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ARTICLES IN THE BOOK

  1. Academy Award for Makeup
  2. Aloe
  3. Alpha hydroxy acid
  4. Anti-aging cream
  5. Arenation
  6. Aromatherapy
  7. Artistry
  8. Astringent
  9. Beauty
  10. Beauty mark
  11. Beauty salon
  12. Camouflage Cosmetic
  13. Campaign for Safe Cosmetics
  14. Carnauba wax
  15. Castor oil
  16. Chanel No. 5
  17. Chemical peel
  18. Christian Dior
  19. Clinique
  20. Concealer
  21. Corpse paint
  22. Cosmeceutical
  23. Cosmetic advertising
  24. Cosmetics
  25. Cosmetology
  26. Creed
  27. Dermabrasion
  28. Dermatology
  29. Destination spa
  30. Eau de cologne
  31. Electrology
  32. Elizabeth Arden
  33. Essential oil
  34. Estée Lauder
  35. Estée Lauder Companies
  36. Estée Lauder pleasures
  37. Exfoliation
  38. Eye liner
  39. Eyeshadow
  40. Facial toning
  41. Glitter
  42. Glycerol
  43. Guerlain
  44. Hair
  45. Hair extension
  46. Helena Rubinstein
  47. Hermès
  48. History of cosmetics
  49. History of Perfume
  50. Hot tub
  51. INCI
  52. Jojoba oil
  53. Kohl
  54. Lancome
  55. Lip gloss
  56. Lip plumper
  57. Lipstick
  58. List of cosmetic ingredients
  59. L'Oréal
  60. Makeover
  61. Make-up artist
  62. Manicure
  63. Mascara
  64. Max Factor
  65. Max Factor, Sr.
  66. Maybelline
  67. Microdermabrasion
  68. Nail polish
  69. Natural skin care
  70. Noxzema
  71. Olay
  72. Pedicure
  73. Perfume
  74. Perfume bottles
  75. Permanent makeup
  76. Permanent wave
  77. Plastic surgeons
  78. Retinol
  79. Revlon
  80. Rimmel
  81. Rouge
  82. Shampoo
  83. Shaving
  84. Shaving cream
  85. Shea butter
  86. Shiseido
  87. Shower gel
  88. Skin Deep
  89. Skin whitening
  90. Soap
  91. Sunless tanning
  92. Sun tanning
  93. Surfactant
  94. Talcum powder
  95. Tanning bed
  96. Tanning lamp
  97. Thanaka
  98. The Body Shop
  99. Waxing
  100. Wella
  101. What Not to Wear

 

 



COSMETICS
This article is from:
http://en.wikipedia.org/wiki/Cosmetics

All text is available under the terms of the GNU Free Documentation License: http://en.wikipedia.org/wiki/Wikipedia:Text_of_the_GNU_Free_Documentation_License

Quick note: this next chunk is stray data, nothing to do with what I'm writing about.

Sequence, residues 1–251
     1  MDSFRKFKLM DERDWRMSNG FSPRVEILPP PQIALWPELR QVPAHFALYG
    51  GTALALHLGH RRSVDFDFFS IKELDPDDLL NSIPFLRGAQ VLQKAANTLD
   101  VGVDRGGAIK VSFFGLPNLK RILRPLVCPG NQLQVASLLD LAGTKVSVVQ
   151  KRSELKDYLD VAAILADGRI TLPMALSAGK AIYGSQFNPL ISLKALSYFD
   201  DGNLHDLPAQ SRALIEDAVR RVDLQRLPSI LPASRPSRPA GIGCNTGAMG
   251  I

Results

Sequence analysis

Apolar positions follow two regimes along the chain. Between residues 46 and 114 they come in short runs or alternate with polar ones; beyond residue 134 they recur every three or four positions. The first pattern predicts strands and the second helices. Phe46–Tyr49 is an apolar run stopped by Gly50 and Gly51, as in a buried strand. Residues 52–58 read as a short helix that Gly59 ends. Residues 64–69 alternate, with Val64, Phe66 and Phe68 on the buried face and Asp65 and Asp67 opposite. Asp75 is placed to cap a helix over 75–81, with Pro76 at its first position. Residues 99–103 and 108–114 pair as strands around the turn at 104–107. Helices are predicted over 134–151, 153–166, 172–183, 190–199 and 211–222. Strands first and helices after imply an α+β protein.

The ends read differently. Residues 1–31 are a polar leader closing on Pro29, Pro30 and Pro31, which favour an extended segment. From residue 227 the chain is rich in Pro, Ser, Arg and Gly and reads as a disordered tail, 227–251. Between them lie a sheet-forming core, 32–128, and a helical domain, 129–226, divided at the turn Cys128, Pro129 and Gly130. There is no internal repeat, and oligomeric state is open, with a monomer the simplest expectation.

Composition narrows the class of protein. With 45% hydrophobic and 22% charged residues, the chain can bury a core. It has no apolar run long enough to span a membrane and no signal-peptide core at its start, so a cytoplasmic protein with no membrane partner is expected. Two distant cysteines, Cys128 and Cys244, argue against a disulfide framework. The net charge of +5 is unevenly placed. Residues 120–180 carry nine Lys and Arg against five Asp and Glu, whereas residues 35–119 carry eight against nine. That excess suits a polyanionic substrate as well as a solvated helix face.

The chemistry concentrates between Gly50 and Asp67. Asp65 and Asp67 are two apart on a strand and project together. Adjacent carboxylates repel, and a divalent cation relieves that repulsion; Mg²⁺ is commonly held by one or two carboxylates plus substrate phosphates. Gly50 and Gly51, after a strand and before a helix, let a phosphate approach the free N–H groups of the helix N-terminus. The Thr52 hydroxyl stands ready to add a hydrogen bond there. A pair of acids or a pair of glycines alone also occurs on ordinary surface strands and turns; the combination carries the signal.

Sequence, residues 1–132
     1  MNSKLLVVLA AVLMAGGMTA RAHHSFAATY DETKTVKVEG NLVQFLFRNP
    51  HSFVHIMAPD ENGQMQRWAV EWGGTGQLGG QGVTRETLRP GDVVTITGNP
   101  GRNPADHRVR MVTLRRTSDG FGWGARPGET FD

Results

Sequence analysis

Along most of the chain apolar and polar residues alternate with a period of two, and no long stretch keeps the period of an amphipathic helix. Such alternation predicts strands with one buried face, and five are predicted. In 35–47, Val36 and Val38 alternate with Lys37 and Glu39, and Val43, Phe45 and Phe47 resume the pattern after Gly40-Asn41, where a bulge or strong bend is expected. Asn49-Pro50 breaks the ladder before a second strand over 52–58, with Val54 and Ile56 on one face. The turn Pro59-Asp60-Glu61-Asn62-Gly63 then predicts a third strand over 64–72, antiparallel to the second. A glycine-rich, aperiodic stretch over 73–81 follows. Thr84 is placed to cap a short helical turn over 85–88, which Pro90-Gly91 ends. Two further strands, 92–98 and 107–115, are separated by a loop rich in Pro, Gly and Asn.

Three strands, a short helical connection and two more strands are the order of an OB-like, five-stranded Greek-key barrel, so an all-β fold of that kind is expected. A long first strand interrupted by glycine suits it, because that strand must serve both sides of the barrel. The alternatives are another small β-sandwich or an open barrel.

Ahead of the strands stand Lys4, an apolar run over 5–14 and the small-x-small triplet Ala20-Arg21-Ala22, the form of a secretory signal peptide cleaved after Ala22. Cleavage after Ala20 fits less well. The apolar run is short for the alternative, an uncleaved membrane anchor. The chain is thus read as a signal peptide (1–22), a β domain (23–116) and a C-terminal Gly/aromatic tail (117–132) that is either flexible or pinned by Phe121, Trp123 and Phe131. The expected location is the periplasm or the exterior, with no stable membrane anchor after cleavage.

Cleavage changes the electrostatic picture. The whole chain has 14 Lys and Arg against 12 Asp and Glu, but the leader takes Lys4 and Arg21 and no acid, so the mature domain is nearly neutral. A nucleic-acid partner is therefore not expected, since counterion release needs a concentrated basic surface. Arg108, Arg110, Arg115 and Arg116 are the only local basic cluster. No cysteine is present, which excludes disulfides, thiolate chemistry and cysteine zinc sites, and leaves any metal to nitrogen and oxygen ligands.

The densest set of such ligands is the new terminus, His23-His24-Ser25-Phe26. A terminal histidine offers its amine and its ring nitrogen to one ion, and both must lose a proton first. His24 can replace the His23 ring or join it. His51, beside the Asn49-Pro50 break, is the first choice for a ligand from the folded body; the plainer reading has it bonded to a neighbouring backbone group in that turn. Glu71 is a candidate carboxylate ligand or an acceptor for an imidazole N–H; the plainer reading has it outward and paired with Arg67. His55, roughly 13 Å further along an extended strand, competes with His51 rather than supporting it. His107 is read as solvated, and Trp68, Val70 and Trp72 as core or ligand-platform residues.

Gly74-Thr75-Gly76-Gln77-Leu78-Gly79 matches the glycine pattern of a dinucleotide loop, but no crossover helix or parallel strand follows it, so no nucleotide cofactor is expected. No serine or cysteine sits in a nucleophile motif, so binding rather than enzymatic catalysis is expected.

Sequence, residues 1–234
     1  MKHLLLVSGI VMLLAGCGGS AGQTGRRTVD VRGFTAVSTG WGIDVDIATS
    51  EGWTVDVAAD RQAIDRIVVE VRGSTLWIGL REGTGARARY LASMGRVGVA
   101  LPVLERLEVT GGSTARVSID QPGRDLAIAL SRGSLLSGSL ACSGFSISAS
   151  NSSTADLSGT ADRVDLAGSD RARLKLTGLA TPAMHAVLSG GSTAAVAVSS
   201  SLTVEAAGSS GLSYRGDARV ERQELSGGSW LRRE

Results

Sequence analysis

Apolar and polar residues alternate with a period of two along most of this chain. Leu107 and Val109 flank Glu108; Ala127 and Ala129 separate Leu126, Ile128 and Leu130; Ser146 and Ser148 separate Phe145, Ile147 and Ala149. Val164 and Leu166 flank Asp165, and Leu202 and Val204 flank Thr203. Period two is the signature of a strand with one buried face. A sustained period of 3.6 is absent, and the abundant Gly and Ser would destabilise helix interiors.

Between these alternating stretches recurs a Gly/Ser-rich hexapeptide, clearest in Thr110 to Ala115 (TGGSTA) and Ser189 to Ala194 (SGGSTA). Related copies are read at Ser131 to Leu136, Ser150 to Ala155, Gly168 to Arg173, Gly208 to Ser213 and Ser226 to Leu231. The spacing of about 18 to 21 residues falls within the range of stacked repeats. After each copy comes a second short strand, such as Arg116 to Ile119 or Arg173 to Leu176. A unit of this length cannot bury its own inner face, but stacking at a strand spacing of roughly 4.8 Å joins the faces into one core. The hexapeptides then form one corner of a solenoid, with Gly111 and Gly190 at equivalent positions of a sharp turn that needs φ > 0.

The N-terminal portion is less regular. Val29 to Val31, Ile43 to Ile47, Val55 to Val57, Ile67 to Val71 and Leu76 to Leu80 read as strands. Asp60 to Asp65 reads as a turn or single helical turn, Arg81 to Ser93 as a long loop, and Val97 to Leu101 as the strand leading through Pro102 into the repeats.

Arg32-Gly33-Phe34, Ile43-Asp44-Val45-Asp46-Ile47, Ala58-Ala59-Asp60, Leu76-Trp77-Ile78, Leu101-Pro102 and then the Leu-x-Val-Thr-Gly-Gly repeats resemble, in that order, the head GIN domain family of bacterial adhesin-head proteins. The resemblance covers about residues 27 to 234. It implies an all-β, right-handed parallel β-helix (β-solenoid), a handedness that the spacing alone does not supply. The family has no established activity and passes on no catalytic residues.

Cosmetics

From Wikipedia, the free encyclopedia

 
Assorted cosmetics and tools
Assorted cosmetics and tools

Cosmetics (pronunciation: cosmetic ) are substances used to enhance or protect the appearance or odor of the human body. Cosmetics include skin-care creams, lotions, powders, perfumes, lipsticks, fingernail polishes, eye and facial makeup, permanent waves, hair colors, deodorants, baby products, bath oils, bubble baths, and many other types of products. Their use is widespread, especially among women in Western countries. A subset of cosmetics is called "make-up", which refers primarily to colored products intended to alter the user’s appearance. The manufacture of cosmetics is currently dominated by a small number of multinational corporations that originated in the early 20th century, but the distribution and sale of cosmetics is spread among a wide range of different businesses. The U.S. FDA defines cosmetics as: "intended to be applied to the human body for cleansing, beautifying, promoting attractiveness, or altering the appearance without affecting the body's structure or functions." This broad definition includes, as well, any material intended for use as a component of a cosmetic product. The FDA specifically excludes soap from this category. (http://www.fda.gov/fdac/features/1998/398_cosm.html)